Yesterday was a classic example of why I do not spend anytime whatsoever discussing market timing, defined as the purchase or sale of stocks based on expected short-term price swings rather than conclusions formed by studying the business itself. At the time I am writing this, General Electric—a staple in pensions, trust funds, 529 educating plans, 401(k)’s, IRAs, and taxable accounts around the world—is up over 10.8% on the day, which is a heck of a jump for a company that is valued in the $250 billion range.
The cause for investor elation is the news that General Electric will be selling off all of its financing divisions under GE Capital except the aviation, healthcare, and energy lending divisions because: (1) those divisions are directly tied to General Electric in that a robust commercial lending platform allows other companies to buy GE’s products, (2) the debt owed to GE will come from large commercial borrowers with low default rates, and (3) most of the debt issued by GE will be secured, meaning it can reclaim the property (usually heavy machinery) if a company defaults on its debt to GE.
Now, yesterday’s news regarding GE’s exit from most of GE Capital’s lending businesses was big news to be sure, but it perhaps possible that people are making a bigger deal out of it because the stock of a megacap went up 11% in one day so people presume it must be important.
In terms of GE’s story, arc, narrative as a company—whatever you want to call it—here is the way I see it: In 2007, General Electric’s financing unit was a $500 billion behemoth that made up 50% of GE’s profits. Because of low liquidity and unworthy borrowers, this unit strangled GE in 2008 and 2009, causing GE to slash its dividend, borrow money from the U.S. government and Warren Buffett, and lose the faith of long-term investors who had not experienced a dividend cut from GE in over seven decades.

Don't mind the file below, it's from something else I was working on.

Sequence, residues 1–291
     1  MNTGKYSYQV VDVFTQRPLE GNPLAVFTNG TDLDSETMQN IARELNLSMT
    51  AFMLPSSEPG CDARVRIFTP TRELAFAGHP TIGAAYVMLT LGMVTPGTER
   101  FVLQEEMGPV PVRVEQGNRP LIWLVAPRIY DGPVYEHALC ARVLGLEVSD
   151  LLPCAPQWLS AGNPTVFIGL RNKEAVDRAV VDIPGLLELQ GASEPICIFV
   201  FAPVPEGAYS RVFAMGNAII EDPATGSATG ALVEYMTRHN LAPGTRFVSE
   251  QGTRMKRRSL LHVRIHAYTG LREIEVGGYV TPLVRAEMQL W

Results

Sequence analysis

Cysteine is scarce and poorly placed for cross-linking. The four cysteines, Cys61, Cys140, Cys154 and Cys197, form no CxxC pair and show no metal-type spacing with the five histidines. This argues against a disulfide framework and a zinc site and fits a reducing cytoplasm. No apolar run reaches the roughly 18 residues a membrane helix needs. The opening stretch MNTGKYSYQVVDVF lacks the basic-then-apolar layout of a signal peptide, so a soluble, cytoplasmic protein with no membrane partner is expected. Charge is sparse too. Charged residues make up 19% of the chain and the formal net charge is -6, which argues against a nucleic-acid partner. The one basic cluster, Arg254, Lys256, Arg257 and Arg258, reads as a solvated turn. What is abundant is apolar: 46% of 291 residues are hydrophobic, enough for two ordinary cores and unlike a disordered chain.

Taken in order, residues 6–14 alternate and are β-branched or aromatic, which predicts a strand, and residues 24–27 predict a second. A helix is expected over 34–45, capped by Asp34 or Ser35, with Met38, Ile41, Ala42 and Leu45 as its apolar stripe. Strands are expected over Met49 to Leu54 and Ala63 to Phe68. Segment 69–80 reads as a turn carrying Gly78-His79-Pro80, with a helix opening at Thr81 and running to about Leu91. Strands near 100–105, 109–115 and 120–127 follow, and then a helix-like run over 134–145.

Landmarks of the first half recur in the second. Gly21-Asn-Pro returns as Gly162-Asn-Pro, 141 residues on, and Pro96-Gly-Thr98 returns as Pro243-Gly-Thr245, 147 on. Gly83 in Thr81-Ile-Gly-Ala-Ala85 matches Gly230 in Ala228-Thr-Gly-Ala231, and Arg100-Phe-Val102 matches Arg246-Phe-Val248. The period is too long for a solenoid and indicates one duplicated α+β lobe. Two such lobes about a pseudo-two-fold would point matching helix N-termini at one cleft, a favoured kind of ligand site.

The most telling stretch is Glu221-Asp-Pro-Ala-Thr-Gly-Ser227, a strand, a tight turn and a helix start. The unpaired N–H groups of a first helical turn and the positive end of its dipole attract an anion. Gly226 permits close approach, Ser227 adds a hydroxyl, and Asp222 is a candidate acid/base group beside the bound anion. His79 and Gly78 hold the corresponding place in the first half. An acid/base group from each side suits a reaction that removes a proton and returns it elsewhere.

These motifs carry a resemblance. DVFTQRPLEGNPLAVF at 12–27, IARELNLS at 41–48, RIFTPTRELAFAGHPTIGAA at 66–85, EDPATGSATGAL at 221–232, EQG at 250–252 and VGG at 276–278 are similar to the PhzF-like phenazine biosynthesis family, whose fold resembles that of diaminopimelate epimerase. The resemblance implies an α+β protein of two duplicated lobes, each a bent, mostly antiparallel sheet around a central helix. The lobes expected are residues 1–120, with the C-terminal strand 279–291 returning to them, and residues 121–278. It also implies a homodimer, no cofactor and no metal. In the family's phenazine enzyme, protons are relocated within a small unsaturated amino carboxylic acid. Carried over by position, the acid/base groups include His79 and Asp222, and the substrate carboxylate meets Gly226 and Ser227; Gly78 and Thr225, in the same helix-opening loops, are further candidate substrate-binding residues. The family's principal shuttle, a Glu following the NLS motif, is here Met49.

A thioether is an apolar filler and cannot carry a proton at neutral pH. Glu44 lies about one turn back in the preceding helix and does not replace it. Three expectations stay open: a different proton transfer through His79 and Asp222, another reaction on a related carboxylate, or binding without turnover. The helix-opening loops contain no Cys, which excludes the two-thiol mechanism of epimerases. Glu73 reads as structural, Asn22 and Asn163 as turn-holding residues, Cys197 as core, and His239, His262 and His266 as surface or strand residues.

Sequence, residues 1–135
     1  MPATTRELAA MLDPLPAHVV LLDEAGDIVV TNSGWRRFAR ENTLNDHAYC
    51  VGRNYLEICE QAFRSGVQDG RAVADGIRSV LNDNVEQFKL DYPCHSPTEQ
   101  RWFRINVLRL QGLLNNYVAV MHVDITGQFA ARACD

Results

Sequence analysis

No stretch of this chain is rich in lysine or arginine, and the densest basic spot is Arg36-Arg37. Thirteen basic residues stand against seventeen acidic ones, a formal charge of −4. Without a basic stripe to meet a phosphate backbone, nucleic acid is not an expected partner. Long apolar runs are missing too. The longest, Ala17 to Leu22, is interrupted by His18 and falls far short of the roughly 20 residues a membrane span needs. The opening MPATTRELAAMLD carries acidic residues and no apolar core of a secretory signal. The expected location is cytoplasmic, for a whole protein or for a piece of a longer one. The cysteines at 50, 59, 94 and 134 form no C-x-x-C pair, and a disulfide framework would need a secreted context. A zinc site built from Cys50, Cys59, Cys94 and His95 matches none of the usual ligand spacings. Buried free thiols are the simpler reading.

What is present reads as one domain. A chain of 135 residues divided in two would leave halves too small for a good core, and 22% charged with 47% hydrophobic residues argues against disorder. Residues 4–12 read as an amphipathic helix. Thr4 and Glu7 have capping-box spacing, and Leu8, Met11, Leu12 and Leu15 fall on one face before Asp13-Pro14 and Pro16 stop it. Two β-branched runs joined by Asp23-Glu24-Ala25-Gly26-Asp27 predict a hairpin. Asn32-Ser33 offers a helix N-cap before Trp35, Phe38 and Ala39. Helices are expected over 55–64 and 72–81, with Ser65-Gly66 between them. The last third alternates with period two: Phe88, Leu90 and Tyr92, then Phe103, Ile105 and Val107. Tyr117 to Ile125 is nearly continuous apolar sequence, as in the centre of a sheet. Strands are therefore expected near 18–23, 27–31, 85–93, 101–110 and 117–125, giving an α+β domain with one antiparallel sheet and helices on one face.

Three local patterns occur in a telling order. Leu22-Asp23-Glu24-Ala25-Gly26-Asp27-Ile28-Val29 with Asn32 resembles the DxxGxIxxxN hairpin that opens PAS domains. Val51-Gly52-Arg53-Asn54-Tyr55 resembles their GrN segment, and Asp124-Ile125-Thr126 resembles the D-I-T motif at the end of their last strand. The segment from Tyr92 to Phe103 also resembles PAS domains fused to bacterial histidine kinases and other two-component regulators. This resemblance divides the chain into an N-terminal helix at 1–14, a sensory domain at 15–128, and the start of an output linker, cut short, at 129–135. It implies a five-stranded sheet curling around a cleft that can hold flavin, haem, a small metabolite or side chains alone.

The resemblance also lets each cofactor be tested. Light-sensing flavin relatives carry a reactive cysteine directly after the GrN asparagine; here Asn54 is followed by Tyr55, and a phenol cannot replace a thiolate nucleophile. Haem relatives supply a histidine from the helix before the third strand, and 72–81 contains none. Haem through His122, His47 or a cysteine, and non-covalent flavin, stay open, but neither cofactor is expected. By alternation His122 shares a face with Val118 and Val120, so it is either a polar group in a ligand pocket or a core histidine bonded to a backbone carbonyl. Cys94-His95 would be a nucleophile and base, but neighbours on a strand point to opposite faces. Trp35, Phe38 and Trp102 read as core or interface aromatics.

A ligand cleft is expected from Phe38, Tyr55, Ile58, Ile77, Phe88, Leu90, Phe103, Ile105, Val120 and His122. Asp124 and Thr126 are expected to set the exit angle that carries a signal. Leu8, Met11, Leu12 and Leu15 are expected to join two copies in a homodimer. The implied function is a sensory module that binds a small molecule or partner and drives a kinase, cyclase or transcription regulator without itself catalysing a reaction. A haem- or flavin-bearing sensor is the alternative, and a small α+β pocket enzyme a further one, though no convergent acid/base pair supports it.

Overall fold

GE did not immediately dismantle these financial assets in 2010 and 2011 as the financial crisis subsided. I regard this as an intelligent move in the best interests of shareholders. Now, I would have much preferred that GE structure this transaction as a stock spinoff (something I’ll explain in a post later this evening), but the fact that they waited five years for the financial divisions to regain value has served shareholders well.
Before yesterday’s announcement, GE had already committed to sell $110 billion of real estate and consumer lending assets over a two year period, the most famous of which is the Synchrony Financial spinoff valued in the $55-$65 billion range. These moves along would have made General Electric a 70% industrial and 30% lending company by the time the existing projects came to completion. At the completion of these moves, GE Capital would have possessed $252 billion in assets.
The news yesterday that got people so excited was this: GE is now going to sell its portfolio of $74 billion in commercial lending, $37 billion in international lending, $31 billion in international property leasing, and $25 billion in lending involving fleets. Put another way, yesterday’s news signaled that GE’s $252 billion GE Capital portfolio would be shrunk by another $167 billion so that the only remaining financial assets would be $85 billion in aviation, healthcare, and energy lending used by GE to finance the purchase of GE equipment for other businesses.